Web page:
Dec 9, 2013
Fukushima’s Legacy Is Just Beginning
Posted on Aug 26, 2013
By Paul Brown, Climate News Network
Britain’s long wait
Tepco, which offered the 40-year timetable, has admitted it does not yet have the technology to achieve it. Radiation levels are so high that for any human to try to tackle the melted-down reactors would be lethal. Robots to carry out the work need to be developed, and meanwhile the reactors must be kept cool and plants kept safe and stable.
One almost forgotten reactor core meltdown that happened in 1957 gives a clue to how long the Japanese problem may persist. This was a fire in a reactor at Windscale in Cumbria in the UK – small by comparison with both Chernobyl and Fukushima.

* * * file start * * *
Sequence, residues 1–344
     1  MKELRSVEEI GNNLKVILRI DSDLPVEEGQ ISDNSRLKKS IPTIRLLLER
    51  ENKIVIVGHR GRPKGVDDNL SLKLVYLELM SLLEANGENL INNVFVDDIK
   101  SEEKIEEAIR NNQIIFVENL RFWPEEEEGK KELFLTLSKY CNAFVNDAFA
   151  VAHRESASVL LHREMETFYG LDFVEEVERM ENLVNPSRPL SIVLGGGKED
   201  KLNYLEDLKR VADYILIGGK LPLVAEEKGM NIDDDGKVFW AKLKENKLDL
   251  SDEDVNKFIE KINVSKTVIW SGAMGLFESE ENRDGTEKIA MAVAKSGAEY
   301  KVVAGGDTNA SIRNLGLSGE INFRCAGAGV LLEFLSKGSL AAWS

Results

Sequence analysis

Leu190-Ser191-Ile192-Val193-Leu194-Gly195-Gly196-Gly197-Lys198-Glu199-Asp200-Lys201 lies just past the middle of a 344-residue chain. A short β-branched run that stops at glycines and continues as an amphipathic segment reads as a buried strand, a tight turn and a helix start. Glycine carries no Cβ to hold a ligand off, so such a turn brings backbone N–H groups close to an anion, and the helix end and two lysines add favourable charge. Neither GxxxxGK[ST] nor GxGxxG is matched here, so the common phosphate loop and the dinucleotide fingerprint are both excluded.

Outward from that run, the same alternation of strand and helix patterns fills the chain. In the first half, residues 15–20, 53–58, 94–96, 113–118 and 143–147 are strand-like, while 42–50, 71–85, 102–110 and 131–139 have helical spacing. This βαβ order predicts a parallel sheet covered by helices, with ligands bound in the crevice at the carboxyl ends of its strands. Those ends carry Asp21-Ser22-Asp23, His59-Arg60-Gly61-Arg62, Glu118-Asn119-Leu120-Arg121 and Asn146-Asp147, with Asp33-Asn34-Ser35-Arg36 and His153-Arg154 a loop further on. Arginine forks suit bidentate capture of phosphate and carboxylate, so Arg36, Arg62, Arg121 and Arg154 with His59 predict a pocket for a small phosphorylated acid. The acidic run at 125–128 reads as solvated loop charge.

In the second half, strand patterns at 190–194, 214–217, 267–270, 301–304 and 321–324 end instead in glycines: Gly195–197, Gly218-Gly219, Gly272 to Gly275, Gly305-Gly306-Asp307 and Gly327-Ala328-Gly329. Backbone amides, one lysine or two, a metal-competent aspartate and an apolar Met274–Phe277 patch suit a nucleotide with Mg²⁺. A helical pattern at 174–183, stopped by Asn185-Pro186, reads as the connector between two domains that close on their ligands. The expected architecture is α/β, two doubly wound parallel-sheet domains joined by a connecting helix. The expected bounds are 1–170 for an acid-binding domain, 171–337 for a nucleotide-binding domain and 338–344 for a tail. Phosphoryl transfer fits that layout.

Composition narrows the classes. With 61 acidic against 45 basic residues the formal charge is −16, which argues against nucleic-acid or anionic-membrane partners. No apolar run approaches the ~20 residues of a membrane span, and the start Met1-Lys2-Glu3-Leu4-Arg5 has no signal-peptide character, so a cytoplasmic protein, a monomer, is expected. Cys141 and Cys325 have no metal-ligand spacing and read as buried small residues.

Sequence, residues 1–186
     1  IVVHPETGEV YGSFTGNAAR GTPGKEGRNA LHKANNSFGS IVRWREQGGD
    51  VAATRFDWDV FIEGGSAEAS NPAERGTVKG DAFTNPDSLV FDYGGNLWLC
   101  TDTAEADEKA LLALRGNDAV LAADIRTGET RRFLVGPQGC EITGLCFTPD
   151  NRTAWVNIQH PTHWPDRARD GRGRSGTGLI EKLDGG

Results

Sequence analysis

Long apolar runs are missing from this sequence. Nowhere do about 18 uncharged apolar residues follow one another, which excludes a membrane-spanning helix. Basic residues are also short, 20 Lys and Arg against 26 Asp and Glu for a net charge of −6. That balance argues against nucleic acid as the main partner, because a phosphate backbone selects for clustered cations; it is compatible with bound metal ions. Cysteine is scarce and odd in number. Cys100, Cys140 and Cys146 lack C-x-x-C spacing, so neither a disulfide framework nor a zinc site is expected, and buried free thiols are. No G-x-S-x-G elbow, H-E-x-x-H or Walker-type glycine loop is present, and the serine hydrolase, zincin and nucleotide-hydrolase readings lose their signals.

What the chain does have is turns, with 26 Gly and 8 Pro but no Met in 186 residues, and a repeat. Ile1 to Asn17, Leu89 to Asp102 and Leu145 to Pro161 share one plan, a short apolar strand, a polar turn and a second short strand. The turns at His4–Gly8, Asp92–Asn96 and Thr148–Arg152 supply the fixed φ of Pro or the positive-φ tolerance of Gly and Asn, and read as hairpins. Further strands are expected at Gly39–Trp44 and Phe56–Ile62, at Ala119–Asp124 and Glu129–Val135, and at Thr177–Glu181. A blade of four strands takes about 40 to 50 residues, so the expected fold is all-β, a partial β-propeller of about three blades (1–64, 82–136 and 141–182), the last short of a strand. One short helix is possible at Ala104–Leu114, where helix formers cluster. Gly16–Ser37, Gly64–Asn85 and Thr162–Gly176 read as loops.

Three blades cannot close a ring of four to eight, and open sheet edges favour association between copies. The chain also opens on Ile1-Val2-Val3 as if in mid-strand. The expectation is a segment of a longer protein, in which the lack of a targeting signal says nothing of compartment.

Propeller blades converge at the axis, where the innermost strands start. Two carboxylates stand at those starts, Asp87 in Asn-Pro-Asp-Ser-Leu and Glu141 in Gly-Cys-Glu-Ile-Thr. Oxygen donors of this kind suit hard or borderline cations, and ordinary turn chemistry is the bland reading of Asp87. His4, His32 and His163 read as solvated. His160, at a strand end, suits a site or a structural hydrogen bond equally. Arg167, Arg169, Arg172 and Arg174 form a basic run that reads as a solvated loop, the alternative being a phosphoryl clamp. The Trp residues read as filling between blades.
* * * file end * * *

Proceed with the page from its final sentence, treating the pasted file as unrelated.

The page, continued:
It was one of the two reactors producing plutonium for the British nuclear weapons programme. It caught fire and part of the core melted. Fifty-six years later, the reactor still has to be constantly monitored and guarded.
The reactor building is among the abandoned relics of Britain’s 1950s nuclear arms race, sitting behind barbed wire at the now renamed Sellafield site.
The Fukushima accident left Japan with three much larger reactor meltdowns. There is a long way to go.
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